He then not only trained himself to become a good, lucid lecturer but also apprenticed himself to a firm of instrument makers and made all the equipment he needed for practical laboratory teaching. It was this early training that enabled him, later (in 1912), after his return to England, to design the Bragg ionization spectrometer, the prototype of all modern X-ray and neutron diffractometers, with which he made the first exact measurements of X-ray wavelengths and crystal data.

It was not until 1904, when Bragg became president of the physics section of the Australian Association for the Advancement of Science, that he began to think about original research. His subsequent work on alpha, beta, and gamma rays led the renowned British physicist Ernest Rutherford to propose him for fellowship of the Royal Society. He was elected in 1907 and within a year was offered a professorship in Leeds, England, where he developed his view that both gamma rays and X rays have particle-like properties.




X-ray spectrometer developed by Bragg


 

In 1912 the German physicist Max von Laue announced that crystals could diffract X rays, thus implying that X rays must be waves like light but of much shorter wavelength. Bragg and his elder son, Lawrence, who was studying physics at Cambridge, then began to apply X rays to the study of crystal structure. These researches earned them jointly the award of the Nobel Prize for Physics in 1915.

After World War I, during which he worked on anti-submarine devices, Bragg established a school of crystallographic research at University College, London, and then, upon the death of the chemist and physicist Sir James Dewar, succeeded him as director of the Royal Institution and of the Davy Faraday Research Laboratories, London. To these institutions he attracted many young scientists whose researches he inspired and stimulated and who subsequently achieved fame. Bragg was also a popular scientific lecturer and writer. He gave “Christmas Lectures” for children, which, when published, became best-sellers. With Lady Bragg, he established a salon to which famous scientists came from far and wide. He was president of the Royal Society from 1935 to 1940 and received many other honours, but, to the last, he remained simple, gentle, and humble about his own success and proud of his son’s.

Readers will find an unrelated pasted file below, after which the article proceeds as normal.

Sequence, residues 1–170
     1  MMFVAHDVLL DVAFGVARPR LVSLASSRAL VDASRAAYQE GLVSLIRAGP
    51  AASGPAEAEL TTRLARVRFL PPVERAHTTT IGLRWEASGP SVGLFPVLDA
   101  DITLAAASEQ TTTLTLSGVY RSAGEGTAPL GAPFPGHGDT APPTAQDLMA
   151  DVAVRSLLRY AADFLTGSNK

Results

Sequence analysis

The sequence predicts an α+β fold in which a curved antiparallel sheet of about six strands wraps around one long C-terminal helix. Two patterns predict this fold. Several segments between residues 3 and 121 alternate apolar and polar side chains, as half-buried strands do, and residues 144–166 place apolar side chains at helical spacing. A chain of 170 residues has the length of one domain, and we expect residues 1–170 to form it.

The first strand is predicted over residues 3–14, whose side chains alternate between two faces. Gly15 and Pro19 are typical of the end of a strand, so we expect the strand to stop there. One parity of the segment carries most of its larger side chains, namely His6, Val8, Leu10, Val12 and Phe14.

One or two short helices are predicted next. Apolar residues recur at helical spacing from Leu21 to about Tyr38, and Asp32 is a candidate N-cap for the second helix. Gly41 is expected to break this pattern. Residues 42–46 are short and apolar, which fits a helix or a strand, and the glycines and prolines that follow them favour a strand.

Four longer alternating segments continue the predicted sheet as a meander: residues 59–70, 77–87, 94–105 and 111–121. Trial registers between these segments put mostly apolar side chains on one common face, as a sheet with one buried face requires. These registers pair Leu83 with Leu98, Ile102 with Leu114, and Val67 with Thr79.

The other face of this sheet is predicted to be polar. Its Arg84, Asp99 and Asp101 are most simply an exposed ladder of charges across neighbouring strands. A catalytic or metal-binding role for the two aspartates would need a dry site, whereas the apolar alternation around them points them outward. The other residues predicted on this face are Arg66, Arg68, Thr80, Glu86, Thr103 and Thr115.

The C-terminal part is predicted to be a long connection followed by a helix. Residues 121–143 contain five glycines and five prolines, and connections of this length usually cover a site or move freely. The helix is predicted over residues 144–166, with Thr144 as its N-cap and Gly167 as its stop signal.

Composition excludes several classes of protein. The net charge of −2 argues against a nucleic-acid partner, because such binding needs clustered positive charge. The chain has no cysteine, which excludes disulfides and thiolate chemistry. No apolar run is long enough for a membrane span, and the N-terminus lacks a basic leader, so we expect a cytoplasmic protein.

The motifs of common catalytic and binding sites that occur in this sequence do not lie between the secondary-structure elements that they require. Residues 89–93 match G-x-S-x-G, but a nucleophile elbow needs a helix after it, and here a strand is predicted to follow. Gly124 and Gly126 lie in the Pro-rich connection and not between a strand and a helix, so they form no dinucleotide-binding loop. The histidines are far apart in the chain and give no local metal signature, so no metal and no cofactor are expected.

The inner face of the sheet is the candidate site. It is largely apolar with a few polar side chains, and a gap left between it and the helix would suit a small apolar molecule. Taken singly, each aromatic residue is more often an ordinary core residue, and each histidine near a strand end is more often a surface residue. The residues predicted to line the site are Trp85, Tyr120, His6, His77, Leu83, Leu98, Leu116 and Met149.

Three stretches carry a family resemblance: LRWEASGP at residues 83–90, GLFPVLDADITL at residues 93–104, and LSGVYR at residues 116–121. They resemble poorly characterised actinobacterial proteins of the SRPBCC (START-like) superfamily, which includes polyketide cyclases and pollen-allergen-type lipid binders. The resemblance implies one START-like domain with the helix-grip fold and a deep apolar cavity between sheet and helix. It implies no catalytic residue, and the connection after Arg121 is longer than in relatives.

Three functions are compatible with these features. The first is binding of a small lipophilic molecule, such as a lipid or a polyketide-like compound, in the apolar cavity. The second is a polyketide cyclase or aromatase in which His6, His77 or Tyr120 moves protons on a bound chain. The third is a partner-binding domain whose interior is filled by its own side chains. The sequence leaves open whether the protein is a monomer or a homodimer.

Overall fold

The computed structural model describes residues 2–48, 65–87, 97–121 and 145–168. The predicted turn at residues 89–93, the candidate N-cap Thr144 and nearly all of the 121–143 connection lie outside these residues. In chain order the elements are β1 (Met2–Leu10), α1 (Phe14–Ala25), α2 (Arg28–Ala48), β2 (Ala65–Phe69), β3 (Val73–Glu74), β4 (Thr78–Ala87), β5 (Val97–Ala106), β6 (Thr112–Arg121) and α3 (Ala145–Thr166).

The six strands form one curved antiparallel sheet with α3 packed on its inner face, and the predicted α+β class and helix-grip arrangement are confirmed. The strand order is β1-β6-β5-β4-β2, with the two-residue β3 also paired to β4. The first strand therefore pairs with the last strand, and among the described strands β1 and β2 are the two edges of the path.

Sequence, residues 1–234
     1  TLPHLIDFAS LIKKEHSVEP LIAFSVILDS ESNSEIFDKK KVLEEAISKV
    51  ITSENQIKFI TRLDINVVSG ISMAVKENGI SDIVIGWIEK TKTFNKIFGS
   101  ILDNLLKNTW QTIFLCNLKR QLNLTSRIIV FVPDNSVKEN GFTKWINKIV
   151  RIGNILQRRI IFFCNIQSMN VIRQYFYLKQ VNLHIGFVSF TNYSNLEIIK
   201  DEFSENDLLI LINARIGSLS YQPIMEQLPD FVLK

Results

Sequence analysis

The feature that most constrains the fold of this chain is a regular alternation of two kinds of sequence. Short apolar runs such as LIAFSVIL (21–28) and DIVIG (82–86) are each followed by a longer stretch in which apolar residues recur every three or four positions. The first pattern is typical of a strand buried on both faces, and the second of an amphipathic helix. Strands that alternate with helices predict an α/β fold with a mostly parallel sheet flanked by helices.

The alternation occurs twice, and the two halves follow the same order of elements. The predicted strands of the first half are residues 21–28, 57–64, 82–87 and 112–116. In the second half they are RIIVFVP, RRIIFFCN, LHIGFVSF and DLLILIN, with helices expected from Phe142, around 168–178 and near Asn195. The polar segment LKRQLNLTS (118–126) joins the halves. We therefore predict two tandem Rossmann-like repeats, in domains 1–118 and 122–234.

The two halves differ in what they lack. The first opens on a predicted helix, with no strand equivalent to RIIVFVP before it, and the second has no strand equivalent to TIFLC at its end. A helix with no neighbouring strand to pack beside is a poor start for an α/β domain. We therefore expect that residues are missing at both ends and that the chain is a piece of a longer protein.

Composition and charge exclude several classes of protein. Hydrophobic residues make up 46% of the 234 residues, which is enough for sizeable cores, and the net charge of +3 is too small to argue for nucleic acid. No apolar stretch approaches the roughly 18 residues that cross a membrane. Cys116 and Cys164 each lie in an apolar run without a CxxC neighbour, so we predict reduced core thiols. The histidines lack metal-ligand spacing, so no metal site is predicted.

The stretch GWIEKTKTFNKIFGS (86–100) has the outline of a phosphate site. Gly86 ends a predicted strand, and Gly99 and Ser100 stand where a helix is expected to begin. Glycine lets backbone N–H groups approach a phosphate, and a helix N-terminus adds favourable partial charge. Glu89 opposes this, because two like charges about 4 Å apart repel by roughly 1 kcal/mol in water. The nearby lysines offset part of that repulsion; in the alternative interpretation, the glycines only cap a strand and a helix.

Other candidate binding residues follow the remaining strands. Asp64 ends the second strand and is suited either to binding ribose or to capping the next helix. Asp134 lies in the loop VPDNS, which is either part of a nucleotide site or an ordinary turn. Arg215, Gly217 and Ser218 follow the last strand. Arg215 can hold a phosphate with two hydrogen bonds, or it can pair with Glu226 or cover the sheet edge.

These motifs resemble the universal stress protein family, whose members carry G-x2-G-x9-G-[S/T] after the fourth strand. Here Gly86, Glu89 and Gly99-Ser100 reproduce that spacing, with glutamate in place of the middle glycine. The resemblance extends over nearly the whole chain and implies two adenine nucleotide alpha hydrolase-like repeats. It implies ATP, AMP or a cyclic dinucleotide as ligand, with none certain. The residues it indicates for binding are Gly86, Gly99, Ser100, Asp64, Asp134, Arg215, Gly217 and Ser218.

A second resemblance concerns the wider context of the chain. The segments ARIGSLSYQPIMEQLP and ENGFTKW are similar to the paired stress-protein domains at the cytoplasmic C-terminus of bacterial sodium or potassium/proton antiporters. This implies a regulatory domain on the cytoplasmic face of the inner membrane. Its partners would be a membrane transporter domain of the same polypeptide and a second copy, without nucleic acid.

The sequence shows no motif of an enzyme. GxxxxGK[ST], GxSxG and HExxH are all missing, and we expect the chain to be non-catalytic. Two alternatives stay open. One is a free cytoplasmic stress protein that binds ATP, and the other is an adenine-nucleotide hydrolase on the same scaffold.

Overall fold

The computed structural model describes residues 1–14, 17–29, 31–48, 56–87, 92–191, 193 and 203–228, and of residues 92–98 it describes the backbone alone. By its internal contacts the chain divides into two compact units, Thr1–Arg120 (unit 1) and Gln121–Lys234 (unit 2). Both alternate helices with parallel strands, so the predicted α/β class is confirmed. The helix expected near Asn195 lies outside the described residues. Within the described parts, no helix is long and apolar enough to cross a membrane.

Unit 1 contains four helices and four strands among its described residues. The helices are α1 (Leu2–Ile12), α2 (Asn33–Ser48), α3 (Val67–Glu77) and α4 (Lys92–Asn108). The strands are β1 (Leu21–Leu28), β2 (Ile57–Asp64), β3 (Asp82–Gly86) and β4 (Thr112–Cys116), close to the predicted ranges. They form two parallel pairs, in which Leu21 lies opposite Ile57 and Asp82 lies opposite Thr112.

Dame Kathleen Lonsdale

Encyclopædia Britannica

 
 
 
1862
 
 
Leon Foucault successfully measures the speed of light
 
 
Foucault Leon
 

Jean Bernard Leon Foucault (18 September 1819 – 11 February 1868) was a French physicist best known for his demonstration of the Foucault pendulum, a device demonstrating the effect of the Earth's rotation. He also made an early measurement of the speed of light, discovered eddy currents, and is credited with naming the gyroscope (although he did not invent it).

 
Early years
Foucault was the son of a publisher in Paris, where he was born on 18 September 1819. After an education received chiefly at home, he studied medicine, which he abandoned in favour of physics due to a blood phobia. He first directed his attention to the improvement of Louis Daguerre's photographic processes. For three years he was experimental assistant to Alfred Donné (1801–1878) in his course of lectures on microscopic anatomy.

With Hippolyte Fizeau he carried out a series of investigations on the intensity of the light of the sun, as compared with that of carbon in the arc lamp, and of lime in the flame of the oxyhydrogen blowpipe; on the interference of infrared radiation, and of light rays differing greatly in lengths of path; and on the chromatic polarization of light.

 
 

Jean Bernard Leon Foucault
  Middle years
In 1850, he did an experiment using the Fizeau–Foucault apparatus to measure the speed of light; it came to be known as the Foucault–Fizeau experiment, and was viewed as "driving the last nail in the coffin" of Newton's corpuscular theory of light when it showed that light travels more slowly through water than through air.